by William Boyd
I must confess to congratulating myself on having reached the end of this book. I had struggled with it from about a quarter of the way through.
A couple of weeks ago we were staying in a holiday cottage in Devon, and when I had finished one of the books I had brought with me, I found that there were several on the shelves there that I would wish to read, as well as several others I had already read. It would appear that the landlady and/or previous guests have similar tastes in reading to my own. I selected about four ‘possibles’, and chose this one. We were snowed in for a couple of days, giving me enough time to get about a third of the way into the book, so I downloaded it in order to continue reading after we left for home.
I’m always ready to try something by Boyd, whose writing is incredibly fluent and engaging. But the story really didn’t capture my imagination, being what appears to me a very macho, pseudo-autobiographical story of a self-obsessed and selfish man. Some of Boyd’s novels I would class among the best writing I know: An Ice-Cream War, Ordinary Thunderstorms. His last two books left me cold, and I have mixed feelings about Any Human Heart although it did grip me at the time I read it. Boyd’s first novel, A Good Man in Africa, did not appeal for many of the same reasons that I was turned off by this one: his character’s, and to some extent the author’s, callous treatment of women.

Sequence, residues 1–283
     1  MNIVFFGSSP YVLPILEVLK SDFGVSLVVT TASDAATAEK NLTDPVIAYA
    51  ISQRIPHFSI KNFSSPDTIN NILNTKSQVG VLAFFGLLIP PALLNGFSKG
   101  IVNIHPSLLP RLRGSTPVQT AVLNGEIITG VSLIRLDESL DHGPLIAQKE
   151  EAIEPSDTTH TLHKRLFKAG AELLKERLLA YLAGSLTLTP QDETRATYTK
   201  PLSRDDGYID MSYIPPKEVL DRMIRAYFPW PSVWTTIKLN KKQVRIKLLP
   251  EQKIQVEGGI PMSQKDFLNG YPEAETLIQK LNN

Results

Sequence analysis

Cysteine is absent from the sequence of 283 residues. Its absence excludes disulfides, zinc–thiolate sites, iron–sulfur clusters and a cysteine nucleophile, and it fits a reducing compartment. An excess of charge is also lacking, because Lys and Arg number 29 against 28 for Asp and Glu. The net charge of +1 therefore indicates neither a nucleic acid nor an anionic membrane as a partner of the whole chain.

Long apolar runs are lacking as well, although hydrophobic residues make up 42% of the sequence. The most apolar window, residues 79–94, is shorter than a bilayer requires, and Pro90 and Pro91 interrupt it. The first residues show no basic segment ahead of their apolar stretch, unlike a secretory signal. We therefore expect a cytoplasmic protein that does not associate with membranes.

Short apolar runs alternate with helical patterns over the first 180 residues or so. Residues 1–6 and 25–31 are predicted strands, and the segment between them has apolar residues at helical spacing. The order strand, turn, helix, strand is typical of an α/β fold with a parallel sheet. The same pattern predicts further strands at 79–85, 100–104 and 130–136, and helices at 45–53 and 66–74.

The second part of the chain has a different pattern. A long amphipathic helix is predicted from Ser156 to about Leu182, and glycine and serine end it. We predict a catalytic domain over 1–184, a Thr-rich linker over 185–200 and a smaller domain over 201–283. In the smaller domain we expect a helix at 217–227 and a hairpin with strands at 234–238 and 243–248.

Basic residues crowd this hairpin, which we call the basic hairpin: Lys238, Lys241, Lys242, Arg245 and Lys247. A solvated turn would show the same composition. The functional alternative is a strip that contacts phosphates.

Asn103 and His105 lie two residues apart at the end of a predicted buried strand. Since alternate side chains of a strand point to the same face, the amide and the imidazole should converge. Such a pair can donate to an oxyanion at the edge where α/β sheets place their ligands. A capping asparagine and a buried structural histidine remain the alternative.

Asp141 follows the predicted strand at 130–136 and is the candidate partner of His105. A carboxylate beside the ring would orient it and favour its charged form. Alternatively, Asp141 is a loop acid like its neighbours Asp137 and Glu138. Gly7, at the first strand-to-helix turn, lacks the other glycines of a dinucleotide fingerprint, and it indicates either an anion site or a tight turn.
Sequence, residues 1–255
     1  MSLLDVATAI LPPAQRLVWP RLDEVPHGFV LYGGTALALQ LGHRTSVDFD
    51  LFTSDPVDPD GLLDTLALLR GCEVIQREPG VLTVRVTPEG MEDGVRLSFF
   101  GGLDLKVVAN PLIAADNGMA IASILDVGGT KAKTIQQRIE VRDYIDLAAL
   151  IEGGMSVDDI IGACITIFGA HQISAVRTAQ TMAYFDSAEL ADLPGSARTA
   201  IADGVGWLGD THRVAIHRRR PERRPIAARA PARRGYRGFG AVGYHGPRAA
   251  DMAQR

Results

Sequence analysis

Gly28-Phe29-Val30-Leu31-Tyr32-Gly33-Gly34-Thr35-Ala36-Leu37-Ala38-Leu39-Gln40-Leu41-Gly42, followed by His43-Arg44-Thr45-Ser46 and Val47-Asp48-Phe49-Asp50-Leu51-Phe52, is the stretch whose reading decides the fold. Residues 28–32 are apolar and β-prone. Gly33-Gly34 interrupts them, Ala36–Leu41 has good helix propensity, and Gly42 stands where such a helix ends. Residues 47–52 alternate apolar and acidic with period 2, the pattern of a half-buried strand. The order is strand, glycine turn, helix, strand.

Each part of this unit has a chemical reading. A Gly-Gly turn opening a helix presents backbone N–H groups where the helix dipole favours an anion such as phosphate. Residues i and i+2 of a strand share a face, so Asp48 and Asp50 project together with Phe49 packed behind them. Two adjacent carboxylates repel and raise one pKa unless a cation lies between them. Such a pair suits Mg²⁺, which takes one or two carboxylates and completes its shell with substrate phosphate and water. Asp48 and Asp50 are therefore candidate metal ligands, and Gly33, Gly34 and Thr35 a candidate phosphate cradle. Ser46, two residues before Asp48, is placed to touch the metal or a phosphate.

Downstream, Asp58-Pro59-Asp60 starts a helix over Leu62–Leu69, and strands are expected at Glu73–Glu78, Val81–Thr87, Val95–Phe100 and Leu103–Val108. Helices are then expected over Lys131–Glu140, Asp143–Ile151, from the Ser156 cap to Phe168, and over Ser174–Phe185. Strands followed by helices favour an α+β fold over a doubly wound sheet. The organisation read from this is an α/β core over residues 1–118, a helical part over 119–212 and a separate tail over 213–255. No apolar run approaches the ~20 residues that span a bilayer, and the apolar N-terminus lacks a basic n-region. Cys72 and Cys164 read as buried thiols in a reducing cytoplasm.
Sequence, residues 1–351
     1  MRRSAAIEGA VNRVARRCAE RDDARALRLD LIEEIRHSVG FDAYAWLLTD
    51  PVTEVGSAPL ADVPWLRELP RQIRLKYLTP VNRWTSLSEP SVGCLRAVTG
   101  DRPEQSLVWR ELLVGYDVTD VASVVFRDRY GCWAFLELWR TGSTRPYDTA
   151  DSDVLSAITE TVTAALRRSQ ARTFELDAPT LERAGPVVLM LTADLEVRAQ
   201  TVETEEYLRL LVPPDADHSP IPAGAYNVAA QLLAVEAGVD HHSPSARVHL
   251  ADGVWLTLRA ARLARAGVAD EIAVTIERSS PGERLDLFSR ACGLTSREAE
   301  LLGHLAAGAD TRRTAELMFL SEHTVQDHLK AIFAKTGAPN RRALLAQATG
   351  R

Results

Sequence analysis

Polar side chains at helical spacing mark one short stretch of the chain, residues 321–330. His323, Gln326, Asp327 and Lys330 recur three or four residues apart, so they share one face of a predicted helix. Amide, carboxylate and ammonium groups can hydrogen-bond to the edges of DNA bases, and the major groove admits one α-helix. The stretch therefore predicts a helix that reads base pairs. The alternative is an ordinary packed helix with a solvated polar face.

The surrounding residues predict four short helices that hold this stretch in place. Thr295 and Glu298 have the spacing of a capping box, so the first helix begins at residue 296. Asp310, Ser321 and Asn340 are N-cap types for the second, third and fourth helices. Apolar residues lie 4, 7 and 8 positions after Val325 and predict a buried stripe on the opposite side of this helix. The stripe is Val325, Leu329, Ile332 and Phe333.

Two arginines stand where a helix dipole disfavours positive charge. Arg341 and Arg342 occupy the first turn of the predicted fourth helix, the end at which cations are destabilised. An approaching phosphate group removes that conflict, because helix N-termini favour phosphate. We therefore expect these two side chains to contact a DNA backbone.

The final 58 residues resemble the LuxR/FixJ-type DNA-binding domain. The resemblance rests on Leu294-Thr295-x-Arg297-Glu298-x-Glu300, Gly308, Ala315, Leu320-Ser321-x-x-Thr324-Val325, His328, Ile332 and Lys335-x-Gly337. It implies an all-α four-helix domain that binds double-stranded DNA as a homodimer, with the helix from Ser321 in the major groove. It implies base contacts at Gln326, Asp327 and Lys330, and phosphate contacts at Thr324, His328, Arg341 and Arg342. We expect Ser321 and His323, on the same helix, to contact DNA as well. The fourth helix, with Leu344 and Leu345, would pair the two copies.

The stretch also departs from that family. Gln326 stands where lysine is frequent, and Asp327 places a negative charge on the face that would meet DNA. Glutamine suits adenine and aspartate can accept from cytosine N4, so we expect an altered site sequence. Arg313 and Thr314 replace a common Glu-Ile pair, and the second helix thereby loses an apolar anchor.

The ‘hero’ of this life story is one John James Todd, a Scot born at the very end of the nineteenth century. His life reflects the times he lives in; he sees action in both World Wars, is named and persecuted in the anti-Communist persecutions of 1940s and 1950s America, experiences both the glamour and hardships of the film industry in pre-war Berlin and later in Hollywood, and rubs shoulders with many real and well-known people whose names are casually dropped into the narrative. He experiences loves affairs, marriages, children, war wounds, friendships made and lost, betrayals. On the whole he is alone throughout his life, and does not seem prepared to invest the emotional energy needed to make and preserve lasting relationships. He seems devoid of any moral compass that allows him to decide when and where to do the right and decent thing. His decisions appear to be driven, every time, by a desire for self-preservation.
Are we all like this, at heart? IS this really the story of “any human heart” though written some years before Boyd’s book of that title? Maybe Todd is just telling an uncomfortable truth that applies to every one of us: that all we are really interested in is ‘number one’.
I suppose it is fair to say that this book has made me think, and has captured my attention enough to make me finish reading it.